(Bloomberg) — Microsoft Corp. is urging customers to download software patches after state-sponsored hackers based in China broke into some customers’ copies of its software for email, contacts and calendar using multiple previously undiscovered flaws.
The attackers used the vulnerabilities to hack into Microsoft Exchange Server, allowing them to break into email accounts and install malware to “facilitate long-term access to victim environments,” Microsoft said Tuesday.
Microsoft released patches for the flaws in a blog post announcing the attack. “Microsoft has detected multiple 0-day exploits being used to attack on-premises versions of Microsoft Exchange Server in limited and targeted attacks,” the blog said.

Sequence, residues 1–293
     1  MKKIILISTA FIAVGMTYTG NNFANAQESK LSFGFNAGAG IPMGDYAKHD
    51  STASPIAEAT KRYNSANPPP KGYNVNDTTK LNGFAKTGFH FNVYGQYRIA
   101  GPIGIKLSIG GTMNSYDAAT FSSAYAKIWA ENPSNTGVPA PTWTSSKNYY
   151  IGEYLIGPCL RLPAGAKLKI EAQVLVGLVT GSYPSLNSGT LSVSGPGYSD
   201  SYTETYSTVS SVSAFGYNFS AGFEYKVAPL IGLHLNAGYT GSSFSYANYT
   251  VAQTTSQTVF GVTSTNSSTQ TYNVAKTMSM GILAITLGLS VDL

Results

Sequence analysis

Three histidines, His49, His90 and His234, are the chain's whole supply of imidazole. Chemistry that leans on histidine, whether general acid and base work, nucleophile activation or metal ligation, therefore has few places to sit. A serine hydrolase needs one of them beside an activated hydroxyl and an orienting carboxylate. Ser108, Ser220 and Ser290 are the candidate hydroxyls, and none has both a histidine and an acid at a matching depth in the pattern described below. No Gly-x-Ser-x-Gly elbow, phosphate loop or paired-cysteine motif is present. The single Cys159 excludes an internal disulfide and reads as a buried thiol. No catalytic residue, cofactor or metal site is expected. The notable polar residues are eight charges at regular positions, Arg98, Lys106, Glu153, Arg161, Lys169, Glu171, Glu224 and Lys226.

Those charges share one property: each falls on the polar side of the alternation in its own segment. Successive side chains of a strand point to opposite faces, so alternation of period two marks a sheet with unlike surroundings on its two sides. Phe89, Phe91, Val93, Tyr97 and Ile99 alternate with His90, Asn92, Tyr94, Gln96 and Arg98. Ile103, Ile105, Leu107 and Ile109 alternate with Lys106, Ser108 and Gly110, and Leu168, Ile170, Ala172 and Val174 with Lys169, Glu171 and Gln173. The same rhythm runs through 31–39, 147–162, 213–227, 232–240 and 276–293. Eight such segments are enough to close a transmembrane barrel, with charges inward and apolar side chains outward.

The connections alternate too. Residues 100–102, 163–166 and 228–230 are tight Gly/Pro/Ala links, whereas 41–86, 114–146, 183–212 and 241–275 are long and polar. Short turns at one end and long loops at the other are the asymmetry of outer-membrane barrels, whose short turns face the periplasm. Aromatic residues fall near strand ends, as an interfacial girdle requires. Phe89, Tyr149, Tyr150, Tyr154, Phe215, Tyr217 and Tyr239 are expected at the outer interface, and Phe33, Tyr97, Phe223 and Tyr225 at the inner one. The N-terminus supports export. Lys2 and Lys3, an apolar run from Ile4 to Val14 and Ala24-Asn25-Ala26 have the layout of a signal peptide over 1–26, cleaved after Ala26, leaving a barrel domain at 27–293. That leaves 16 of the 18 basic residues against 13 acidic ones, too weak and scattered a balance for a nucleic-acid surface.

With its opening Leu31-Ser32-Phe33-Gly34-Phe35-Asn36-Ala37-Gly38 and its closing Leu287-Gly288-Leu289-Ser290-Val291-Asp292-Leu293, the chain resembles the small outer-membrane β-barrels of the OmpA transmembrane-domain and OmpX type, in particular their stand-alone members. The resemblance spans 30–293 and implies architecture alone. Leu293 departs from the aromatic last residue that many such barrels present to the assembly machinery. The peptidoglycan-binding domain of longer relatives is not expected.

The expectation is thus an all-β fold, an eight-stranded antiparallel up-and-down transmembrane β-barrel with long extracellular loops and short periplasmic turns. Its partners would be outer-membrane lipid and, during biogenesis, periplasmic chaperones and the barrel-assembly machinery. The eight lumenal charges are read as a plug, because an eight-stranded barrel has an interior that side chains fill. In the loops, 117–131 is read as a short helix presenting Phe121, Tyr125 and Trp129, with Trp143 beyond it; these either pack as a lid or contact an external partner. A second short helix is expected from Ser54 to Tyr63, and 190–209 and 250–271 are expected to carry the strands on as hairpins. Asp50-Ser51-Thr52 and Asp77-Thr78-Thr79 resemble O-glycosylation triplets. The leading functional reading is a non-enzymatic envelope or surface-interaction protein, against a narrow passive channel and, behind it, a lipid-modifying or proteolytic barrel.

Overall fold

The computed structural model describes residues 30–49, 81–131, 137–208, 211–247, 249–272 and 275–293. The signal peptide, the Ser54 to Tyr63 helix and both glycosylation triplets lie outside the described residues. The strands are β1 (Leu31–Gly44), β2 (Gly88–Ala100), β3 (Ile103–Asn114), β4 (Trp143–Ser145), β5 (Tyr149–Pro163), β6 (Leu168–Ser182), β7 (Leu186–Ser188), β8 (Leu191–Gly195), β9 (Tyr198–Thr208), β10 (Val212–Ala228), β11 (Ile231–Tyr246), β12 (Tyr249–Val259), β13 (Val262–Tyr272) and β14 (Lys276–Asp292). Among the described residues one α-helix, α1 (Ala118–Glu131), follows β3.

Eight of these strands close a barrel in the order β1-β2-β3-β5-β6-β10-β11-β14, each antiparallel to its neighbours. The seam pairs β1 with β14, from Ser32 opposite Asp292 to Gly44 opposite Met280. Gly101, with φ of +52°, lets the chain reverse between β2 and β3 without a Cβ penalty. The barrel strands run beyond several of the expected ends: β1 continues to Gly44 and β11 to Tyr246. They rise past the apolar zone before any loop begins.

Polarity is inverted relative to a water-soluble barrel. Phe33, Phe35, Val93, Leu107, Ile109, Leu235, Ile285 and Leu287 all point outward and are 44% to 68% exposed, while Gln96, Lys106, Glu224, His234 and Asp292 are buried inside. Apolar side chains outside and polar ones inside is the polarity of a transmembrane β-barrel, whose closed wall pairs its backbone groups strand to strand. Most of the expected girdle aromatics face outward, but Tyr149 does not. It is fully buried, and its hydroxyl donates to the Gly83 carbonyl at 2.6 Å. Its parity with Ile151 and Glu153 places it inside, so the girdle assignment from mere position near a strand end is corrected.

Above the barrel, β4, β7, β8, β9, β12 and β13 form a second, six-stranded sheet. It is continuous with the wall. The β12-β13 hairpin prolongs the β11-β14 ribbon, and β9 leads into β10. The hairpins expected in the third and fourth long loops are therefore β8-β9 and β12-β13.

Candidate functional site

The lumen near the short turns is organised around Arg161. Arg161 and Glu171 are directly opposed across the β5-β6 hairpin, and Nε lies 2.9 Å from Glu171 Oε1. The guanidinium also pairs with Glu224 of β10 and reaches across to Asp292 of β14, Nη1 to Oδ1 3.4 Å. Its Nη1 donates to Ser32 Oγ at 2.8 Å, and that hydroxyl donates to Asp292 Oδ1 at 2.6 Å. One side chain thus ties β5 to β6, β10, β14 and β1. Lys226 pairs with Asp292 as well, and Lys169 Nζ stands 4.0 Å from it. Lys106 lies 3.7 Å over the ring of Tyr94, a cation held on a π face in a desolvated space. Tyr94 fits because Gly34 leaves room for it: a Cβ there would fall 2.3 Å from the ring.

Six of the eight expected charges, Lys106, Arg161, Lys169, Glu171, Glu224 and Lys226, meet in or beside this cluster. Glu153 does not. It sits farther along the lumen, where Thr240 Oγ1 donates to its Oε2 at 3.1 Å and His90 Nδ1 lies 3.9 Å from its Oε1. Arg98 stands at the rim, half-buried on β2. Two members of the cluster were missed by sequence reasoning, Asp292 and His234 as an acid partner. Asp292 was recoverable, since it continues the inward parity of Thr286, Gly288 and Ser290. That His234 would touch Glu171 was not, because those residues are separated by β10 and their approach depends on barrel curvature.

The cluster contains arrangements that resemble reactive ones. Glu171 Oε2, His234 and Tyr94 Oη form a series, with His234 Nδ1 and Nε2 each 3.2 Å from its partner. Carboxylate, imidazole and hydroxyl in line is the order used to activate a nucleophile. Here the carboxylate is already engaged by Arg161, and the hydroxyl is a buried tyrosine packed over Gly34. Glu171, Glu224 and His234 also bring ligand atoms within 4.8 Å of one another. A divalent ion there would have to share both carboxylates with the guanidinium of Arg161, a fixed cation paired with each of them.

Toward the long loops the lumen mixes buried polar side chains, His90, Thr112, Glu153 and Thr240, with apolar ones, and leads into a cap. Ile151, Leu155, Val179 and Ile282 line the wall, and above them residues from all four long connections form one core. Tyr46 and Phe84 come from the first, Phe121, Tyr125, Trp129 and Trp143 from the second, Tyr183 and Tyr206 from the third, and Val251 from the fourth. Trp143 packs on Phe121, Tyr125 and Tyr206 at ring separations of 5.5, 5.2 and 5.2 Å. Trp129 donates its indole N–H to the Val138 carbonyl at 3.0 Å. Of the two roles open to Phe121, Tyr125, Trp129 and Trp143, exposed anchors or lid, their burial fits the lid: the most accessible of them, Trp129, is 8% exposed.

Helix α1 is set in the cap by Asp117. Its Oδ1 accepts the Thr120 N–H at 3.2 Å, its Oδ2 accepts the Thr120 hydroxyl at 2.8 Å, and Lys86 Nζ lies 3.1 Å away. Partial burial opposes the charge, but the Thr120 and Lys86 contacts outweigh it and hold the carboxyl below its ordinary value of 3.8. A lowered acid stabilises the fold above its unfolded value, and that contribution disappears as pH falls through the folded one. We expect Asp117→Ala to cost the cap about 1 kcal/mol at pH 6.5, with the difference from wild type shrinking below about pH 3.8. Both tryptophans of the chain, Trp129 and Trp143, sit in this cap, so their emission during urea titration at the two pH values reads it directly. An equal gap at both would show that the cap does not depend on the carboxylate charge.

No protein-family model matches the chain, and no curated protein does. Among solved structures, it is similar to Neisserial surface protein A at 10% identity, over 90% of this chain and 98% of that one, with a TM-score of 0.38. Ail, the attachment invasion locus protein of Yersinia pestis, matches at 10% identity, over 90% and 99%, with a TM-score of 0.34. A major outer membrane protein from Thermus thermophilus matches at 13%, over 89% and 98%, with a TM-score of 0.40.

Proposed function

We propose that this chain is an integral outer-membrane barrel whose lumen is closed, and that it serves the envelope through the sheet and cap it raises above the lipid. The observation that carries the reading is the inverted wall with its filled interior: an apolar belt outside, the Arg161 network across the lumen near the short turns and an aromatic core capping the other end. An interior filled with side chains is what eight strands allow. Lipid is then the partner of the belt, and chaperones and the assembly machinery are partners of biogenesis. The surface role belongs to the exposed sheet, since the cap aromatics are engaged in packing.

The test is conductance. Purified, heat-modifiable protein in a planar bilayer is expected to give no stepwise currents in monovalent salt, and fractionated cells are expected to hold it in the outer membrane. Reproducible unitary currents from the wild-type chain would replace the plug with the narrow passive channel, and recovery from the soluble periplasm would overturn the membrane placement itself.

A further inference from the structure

Previously undiscovered vulnerabilities are known as zero days, and they are valuable to hackers because there aren’t defenses against them — at least until they are discovered and patches are created.
“We are sharing this information with our customers and the security community to emphasize the critical nature of these vulnerabilities and the importance of patching all affected systems immediately,” the company said. It added that on-premise systems were affected but the online version of Exchange wasn’t.
The hackers responsible are “a group assessed to be state-sponsored and operating out of China,” according to the blog. They typically target “entities in the United States across a number of industry sectors, including infectious disease researchers, law firms, higher education institutions, defense contractors, policy think tanks, and NGOs.”
Chinese Foreign Ministry spokesman Wang Wenbin said in a regular press briefing Wednesday in Beijing that conclusions on hacks into Microsoft servers should be based on complete evidence and avoid wanton accusations.
(Updates with comment from China’s Foreign Ministry.)
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